So Here’s What Happened at Sundance 2020: Easterseals Disability Services’ Panel

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Easterseals Disability Services
Pictured L-R are ASL interpreter (standing); Moderater Britt Stephens, Celebrity & Entertainment Editor, Pop Sugar; Shoshannah Stern, Creator, Executive Producer, writer and star of Sundance TV’s This Close; Shanique Bonelli-Moore, Executive Director of Inclusion, United Talent Agency; John Travis, VP of Brand Marketing, Adobe; and Franklin Leonard, Founder and CEO, The Black List.

On January 25, 2020 during the 2020 Sundance Film Festival, Easterseals Disability Services, an Allied Organization of Sundance Institute and member of its newly announced Accessibility & Inclusion Alliance, hosted a panel on the influence of diversity and inclusion initiatives in Hollywood in increasing the visibility of/opportunities for talent with disabilities in the entertainment industry. As a go-to resource for filmmakers and actors with disabilities, ESSC has worked with the Institute since 2018, helping to make the annual Sundance Film Festival more inclusive and accessible.

The Accessibility & Inclusion Alliance is comprised of organizations and individuals who are leaders and strong allies in the field. The initiative will allow the Sundance Institute to advance many different manifestations of accessibility, working to expand resources in theatres and official venues; inviting broader communities to enjoy and experience the Festival comfortably; and activating all of its Artist Programs to deepen their creative and professional development engagement with artists with disabilities. As a leader and expert in the field, Easterseals will be an invaluable partner and resource to the Institute as it continues to expand its accessibility efforts, including providing additional ASL interpreters for Institute panels and open captioning support to key pieces of content.

The panel was moderated by Britt Stephens, Celebrity & Entertainment Editor, Pop Sugar. Guest panelists include Shanique Bonelli-Moore, Executive Director of Inclusion, United Talent Agency; Franklin Leonard, Founder and CEO, The Black List; John Travis, VP of Brand Marketing, Adobe; and Shoshannah Stern, Creator, Executive Producer, Writer and Star of Sundance TV’s This Close.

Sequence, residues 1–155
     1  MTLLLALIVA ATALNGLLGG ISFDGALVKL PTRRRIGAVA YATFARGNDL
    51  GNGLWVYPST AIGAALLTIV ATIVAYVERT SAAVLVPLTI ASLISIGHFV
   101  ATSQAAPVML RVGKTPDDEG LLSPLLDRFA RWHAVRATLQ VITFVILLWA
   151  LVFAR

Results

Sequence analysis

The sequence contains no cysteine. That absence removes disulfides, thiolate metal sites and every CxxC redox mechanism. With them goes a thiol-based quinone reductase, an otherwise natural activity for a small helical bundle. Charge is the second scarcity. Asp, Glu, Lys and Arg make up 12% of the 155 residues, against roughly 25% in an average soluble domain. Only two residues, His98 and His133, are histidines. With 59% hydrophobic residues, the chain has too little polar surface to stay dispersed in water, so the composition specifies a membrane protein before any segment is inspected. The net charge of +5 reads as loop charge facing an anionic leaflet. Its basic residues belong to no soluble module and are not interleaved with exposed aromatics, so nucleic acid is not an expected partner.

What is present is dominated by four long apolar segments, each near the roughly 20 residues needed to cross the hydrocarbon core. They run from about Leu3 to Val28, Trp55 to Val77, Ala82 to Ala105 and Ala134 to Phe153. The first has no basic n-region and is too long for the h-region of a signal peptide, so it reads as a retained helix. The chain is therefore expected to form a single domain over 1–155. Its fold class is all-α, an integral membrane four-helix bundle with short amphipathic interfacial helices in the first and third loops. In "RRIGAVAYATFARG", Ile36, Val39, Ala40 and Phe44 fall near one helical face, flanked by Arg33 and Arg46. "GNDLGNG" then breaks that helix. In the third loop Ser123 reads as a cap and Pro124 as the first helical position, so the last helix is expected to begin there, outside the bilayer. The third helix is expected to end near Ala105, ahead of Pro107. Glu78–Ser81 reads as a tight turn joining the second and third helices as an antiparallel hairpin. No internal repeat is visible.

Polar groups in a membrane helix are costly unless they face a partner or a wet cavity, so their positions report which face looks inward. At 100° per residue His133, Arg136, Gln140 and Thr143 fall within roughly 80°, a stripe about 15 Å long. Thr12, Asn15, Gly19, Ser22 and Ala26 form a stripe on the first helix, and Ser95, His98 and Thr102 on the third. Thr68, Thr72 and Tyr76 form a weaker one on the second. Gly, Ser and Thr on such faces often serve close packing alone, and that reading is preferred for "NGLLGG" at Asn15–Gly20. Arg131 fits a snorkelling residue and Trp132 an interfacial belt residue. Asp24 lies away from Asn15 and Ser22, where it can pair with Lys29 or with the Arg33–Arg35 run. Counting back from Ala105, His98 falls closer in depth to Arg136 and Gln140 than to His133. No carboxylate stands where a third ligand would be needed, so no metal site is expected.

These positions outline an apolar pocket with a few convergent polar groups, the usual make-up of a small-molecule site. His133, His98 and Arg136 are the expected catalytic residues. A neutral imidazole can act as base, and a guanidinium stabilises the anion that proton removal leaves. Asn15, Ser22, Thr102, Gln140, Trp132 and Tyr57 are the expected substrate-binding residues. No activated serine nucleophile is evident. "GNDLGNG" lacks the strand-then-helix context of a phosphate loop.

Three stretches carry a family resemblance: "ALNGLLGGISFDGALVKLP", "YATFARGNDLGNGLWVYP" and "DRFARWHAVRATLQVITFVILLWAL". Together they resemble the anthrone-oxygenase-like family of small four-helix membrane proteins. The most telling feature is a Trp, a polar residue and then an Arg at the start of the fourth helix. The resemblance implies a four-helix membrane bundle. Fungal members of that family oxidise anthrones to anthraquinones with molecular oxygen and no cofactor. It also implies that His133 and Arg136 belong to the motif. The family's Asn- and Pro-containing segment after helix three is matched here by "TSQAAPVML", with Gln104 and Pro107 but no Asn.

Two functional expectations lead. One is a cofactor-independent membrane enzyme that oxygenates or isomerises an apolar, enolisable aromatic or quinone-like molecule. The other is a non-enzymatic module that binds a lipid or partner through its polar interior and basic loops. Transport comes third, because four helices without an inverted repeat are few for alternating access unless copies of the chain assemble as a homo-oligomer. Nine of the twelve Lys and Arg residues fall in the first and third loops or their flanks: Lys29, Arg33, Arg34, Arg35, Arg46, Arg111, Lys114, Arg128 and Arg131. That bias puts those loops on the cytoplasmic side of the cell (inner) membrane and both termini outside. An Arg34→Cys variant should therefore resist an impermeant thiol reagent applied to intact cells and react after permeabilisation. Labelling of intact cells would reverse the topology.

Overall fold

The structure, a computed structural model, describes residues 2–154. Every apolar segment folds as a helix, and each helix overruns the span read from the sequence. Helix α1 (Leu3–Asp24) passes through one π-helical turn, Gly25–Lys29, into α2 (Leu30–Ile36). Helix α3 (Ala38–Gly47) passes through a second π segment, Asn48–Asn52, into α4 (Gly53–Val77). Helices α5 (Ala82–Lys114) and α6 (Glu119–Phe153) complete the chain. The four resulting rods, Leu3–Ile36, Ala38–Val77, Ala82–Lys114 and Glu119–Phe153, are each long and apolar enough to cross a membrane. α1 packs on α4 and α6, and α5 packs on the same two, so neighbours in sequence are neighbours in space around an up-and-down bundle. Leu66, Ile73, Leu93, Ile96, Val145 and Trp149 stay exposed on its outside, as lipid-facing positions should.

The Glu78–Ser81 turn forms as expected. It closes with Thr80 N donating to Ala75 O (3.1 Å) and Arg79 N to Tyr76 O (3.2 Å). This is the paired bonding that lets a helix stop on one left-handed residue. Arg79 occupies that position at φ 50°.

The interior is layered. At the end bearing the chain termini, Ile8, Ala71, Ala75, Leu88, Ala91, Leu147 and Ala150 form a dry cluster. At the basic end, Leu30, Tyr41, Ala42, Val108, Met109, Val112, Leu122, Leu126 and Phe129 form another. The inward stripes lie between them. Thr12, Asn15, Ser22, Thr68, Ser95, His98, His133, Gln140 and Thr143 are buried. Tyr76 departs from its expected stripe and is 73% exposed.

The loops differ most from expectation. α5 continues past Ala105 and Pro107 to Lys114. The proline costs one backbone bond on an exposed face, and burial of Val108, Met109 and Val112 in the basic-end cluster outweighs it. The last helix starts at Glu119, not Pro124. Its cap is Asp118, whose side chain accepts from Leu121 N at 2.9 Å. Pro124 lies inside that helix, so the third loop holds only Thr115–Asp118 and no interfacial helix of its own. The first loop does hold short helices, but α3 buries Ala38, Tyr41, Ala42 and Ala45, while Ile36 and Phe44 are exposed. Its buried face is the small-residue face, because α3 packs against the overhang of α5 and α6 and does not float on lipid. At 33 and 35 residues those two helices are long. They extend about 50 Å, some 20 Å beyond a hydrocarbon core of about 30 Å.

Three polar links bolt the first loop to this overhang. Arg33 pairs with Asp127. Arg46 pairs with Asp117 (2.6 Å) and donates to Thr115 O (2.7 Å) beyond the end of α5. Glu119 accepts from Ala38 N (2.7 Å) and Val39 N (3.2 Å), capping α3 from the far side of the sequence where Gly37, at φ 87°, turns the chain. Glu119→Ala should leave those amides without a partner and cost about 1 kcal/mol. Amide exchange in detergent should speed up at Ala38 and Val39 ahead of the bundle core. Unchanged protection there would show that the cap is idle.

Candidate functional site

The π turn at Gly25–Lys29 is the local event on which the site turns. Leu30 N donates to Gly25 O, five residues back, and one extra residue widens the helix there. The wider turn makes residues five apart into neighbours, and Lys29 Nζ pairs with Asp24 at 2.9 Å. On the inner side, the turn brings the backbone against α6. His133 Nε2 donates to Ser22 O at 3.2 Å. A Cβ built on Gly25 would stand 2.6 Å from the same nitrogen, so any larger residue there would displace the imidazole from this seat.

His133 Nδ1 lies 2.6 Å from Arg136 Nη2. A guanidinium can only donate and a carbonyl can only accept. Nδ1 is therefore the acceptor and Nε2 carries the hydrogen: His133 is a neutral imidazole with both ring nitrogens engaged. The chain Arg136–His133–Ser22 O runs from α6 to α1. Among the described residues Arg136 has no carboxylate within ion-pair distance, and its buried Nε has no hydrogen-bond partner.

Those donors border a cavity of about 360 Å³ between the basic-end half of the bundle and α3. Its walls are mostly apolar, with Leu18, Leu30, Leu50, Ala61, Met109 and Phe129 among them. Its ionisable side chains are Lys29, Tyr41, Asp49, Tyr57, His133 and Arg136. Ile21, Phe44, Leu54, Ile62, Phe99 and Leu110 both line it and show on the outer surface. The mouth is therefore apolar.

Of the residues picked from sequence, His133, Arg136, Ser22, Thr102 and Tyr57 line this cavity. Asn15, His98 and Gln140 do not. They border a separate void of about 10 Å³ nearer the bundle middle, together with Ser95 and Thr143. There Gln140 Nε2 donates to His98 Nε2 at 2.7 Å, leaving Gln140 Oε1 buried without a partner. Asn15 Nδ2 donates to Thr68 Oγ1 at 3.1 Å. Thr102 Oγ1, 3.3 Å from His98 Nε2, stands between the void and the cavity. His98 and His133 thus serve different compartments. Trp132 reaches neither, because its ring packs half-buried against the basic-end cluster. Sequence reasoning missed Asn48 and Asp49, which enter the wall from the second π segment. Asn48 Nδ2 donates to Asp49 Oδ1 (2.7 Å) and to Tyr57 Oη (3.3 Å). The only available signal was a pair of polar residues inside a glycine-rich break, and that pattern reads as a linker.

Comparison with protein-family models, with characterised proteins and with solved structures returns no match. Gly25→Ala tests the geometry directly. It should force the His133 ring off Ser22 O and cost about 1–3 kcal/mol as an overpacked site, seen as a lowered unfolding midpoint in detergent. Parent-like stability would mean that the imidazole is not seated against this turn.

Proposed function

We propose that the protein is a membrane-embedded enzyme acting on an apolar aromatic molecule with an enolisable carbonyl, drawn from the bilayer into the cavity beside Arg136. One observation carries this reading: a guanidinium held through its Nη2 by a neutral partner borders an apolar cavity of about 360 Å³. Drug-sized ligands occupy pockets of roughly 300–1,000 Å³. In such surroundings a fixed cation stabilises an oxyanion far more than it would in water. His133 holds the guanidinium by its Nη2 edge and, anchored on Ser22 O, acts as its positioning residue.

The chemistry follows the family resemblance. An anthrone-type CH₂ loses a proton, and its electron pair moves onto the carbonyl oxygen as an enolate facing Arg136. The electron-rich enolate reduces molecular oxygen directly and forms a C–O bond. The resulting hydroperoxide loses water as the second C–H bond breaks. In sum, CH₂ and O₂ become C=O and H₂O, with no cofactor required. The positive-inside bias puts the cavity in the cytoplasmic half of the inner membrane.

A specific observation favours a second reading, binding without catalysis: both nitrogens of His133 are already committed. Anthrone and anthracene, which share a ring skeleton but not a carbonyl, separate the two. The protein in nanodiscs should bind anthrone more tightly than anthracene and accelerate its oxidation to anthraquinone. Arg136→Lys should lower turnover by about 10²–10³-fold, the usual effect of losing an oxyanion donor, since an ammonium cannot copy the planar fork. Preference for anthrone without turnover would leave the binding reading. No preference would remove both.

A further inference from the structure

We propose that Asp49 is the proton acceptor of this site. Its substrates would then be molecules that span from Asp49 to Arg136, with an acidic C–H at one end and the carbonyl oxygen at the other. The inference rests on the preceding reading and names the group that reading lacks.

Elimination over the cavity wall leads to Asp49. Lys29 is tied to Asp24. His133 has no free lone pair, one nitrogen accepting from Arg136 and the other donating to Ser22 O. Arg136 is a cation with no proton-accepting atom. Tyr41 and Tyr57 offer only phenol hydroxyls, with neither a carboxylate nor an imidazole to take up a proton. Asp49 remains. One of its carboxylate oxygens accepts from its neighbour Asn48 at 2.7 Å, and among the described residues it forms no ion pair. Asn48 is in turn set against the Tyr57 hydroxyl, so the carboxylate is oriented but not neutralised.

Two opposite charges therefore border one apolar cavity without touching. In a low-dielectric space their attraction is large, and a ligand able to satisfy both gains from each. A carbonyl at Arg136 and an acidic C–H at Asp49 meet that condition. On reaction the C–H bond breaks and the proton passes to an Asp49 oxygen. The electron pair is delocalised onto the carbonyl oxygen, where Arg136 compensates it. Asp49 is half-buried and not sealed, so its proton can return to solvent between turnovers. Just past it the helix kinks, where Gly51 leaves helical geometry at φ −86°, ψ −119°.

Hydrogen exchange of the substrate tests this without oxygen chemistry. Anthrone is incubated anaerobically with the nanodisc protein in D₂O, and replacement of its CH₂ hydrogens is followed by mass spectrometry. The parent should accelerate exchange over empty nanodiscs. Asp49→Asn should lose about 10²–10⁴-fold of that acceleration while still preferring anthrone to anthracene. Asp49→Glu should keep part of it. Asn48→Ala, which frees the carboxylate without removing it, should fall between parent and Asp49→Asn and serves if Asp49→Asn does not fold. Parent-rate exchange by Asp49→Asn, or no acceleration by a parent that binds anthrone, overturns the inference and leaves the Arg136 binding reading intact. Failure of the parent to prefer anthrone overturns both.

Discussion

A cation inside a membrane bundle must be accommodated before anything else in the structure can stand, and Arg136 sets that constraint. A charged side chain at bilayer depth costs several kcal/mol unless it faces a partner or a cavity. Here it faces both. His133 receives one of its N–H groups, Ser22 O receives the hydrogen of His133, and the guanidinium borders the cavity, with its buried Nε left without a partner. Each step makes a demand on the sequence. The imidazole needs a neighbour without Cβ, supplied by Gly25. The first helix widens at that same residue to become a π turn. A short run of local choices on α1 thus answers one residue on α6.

Easterseals Disability Services
Pictured L-R are ASL interpreter (standing); Moderater Britt Stephens, Celebrity & Entertainment Editor, Pop Sugar; Shoshannah Stern, Creator, Executive Producer, writer and star of Sundance TV’s This Close; Shanique Bonelli-Moore, Executive Director of Inclusion, United Talent Agency; John Travis, VP of Brand Marketing, Adobe; and Franklin Leonard, Founder and CEO, The Black List.

The disability community, which makes up 25 percent of the U.S. population and commands $21 billion in discretionary income, is represented in less than three percent of on-screen roles. It is time for Hollywood to take the opportunity to capitalize on new, authentic stories and reach a large segment of the marketplace by including people with disabilities in their content.

Said Mark Whitley, CEO, ESSC, “It’s been just three years since Sundance and Easterseals joined forces to advance disability inclusion and greater accessibility across the Festival and the entertainment industry at large. We’re making real progress, but still have more to do to make disability inclusion, whether in front of or behind the camera, commonplace— an industry practice and standard. This year, we’re honored to extend our work and partnership with Sundance Film Festival, bringing together new and diverse voices to share their unique perspectives, address challenges and push the needle forward on inclusion.”

As part of Easterseals Disability Services’ vision of building a more inclusive future for more than 61 million Americans with disabilities, the organization is working with Sundance Institute to increase accessibility for filmmakers, critics and film enthusiasts with disabilities at the Festival.

As a result, Sundance Institute installed an elevator in its Filmmakers Lodge on Main Street, Some Festival panels were moved to the Kimball Art Center, a one-story building that is easily accessible for wheelchairs.

In the Sundance Film Festival app under Festival Information, there is an accessibility section with information on how to navigate Park City. Sundance Institute added over 20 percent of additional passes for critics from underrepresented backgrounds, including women, persons of color and persons with disabilities. Travel stipends were also provided to 50 of those underrepresented critics.